Mayer added that Sand Flats and Moab are already seeing record visitation. “It’s unfathomable how this is going to change things further,” she said.
Dwight acknowledged that the affordable housing crisis is affecting cities and towns across the country, and he said the hotel phase of the project is expected to include 18 units of employee housing to help alleviate some of those pressures.
Revenue for Schools
Lionsback Resort has its origins back in 2004, when Baker brokered a deal to take over a lease on a parcel of School and Institutional Trust Lands Administration (SITLA) land near Sand Flats. The area was used as a campground and was “out of control” with social trails, trash and “rambunctious” parties and, according to Dwight, was not a pristine piece of desert.
The developers worked out a preliminary agreement with both SITLA and Moab City in 2008, but the financial crisis and the first of the lawsuits against Lionsback delayed the project. Then the 2017 lawsuit forced modifications to the project that increased the density of the hotel plans.
SITLA, which is mandated by the Utah Legislature to produce maximum revenue from its 3.4 million acres of land to fund Utah public schools, will get a percentage of the final sales price of the residential units in Lionsback, at which time the land will become private. The hotel and restaurant will pay 2.5% of gross sales receipts to SITLA in perpetuity, and SITLA provided developers with a $4 million loan to facilitate bringing power, water and sewer utilities to the site.
“We’re very happy the project is moving forward,” said Marla Kennedy, a spokesperson for SITLA. “We know it’s taken a long time, but we’re happy to see money being generated for our beneficiaries, especially the general fund for public schools.”
SITLA land is exempt from local planning and zoning ordinances, the agency’s mission to generate maximum revenue from holdings have long been a source of tension with locals. SITLA is involved in a project that is upsetting longtime ranchers who are seeing grazing lands leased to luxury camping developments and other massive subdivision proposals near Moab.
In Spanish Valley, which is located in San Juan County just a few miles south of Moab, a development is planned on 5,300 acres of SITLA land that could eventually house 14,000 people, nearly doubling the population of San Juan County. Moab’s current population is 5,300.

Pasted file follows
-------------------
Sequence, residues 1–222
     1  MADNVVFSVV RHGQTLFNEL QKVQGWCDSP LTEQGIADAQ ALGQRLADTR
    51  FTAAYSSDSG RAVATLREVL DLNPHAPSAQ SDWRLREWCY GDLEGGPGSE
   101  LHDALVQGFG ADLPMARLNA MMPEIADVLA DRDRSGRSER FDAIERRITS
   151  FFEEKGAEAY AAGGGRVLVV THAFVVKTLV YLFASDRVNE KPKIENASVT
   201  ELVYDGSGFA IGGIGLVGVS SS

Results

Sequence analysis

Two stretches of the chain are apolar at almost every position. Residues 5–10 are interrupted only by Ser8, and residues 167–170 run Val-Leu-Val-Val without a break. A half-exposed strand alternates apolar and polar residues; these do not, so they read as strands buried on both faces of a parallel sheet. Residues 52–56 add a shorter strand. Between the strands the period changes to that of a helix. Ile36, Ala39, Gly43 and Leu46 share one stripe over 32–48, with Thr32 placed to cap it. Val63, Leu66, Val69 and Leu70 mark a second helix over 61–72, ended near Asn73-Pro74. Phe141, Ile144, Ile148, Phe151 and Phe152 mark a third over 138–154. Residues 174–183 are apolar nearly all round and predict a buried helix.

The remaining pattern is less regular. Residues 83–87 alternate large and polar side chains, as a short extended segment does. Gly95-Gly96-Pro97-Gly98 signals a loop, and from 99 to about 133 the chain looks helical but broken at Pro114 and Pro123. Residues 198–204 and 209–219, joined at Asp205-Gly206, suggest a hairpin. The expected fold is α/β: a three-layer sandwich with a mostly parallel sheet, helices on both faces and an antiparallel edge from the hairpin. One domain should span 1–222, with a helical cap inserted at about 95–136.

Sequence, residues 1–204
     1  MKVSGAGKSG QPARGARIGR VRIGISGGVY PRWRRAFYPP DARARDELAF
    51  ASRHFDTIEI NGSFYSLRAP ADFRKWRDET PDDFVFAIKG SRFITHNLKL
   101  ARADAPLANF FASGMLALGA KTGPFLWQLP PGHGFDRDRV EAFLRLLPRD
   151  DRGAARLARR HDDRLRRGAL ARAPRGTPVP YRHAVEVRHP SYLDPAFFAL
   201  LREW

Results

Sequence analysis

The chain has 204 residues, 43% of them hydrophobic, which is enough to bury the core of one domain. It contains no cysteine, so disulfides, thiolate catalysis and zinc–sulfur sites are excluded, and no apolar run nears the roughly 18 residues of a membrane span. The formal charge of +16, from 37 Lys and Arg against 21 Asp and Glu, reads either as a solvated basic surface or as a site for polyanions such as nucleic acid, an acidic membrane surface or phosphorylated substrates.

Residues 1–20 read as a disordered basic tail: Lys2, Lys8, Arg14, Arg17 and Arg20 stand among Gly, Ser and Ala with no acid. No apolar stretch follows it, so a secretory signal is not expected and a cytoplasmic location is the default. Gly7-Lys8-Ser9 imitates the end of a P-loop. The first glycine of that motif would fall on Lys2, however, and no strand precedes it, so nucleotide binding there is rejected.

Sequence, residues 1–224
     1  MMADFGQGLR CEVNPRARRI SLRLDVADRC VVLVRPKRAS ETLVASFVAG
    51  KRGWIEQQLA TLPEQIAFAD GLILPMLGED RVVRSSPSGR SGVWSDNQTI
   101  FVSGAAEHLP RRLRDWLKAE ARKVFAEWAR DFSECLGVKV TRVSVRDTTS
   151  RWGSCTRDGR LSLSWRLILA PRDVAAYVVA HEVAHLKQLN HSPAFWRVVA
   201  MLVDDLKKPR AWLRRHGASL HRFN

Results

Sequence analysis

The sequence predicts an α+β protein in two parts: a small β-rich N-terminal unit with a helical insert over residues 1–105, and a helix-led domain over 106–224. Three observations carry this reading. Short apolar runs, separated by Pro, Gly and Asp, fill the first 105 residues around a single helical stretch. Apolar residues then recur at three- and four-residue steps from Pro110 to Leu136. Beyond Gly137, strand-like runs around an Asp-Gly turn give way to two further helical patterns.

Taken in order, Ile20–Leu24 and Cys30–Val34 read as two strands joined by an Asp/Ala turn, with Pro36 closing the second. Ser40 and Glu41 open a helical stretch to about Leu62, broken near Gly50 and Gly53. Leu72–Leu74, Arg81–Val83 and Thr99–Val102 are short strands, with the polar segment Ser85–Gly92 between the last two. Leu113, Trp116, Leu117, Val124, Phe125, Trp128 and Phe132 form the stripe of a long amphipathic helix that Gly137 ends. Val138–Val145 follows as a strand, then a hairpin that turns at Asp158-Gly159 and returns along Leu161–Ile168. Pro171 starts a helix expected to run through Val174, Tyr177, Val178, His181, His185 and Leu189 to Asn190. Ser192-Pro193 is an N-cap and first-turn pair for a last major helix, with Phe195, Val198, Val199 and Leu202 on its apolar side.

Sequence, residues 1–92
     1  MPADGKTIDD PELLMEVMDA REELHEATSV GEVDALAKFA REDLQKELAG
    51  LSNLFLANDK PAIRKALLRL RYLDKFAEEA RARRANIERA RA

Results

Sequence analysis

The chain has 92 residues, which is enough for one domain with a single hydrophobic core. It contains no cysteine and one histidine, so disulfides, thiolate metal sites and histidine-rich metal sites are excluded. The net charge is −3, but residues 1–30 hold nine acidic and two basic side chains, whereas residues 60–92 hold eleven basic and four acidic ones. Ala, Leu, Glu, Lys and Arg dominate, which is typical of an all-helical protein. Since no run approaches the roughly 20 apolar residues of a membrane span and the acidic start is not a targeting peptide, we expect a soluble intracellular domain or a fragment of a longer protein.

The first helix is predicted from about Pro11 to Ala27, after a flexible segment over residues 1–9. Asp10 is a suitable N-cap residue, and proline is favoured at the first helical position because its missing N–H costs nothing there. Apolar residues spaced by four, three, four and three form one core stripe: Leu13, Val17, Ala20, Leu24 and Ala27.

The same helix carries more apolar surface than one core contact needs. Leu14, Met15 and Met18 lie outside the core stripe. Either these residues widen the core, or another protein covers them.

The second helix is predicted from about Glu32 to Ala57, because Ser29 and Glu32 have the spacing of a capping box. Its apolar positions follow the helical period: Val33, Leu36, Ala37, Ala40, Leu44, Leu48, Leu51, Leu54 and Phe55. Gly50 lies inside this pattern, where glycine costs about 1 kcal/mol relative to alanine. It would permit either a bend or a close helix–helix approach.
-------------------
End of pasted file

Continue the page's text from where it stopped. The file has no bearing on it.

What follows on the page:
Stock said she’s been critical of SITLA’s state-mandated practices since she was a student at Moab High in the early 2000s. At the time, the development of SITLA land in Castle Valley, where she grew up, was causing controversy. She has since opposed tar sands and other fossil fuel projects on SITLA land in the state as program director for Living Rivers, a conservation nonprofit.
“All of these horrible projects I’ve been fighting all over the state all come back to SITLA,” Stock said, who questioned whether fossil fuel and development plans will benefit Utah’s school children, as SITLA claims, or will exacerbate global warming and other environmental issues.
“SITLA should develop in a way that will be resilient and that will withstand the changes that are coming with climate change,” she said. “Doubling the size of Moab up into Spanish Valley with unknown water resources and limited water resources is not that.”
But for Dwight, the much smaller Lionsback Resort seems to present evidence that in Moab, if you build it, they will buy it.
“The sales speak for themselves,” Dwight said. “We think we’re bringing something to Moab that hasn’t been here before, and I think that the buyers at Lionsback are the type of buyers who will want to be involved in the community: second homeowners.”
Zak Podmore is a Report for America corps member for The Salt Lake Tribune. Your donation to match our RFA grant helps keep him writing stories like this one; please consider making a tax-deductible gift of any amount today by clicking here.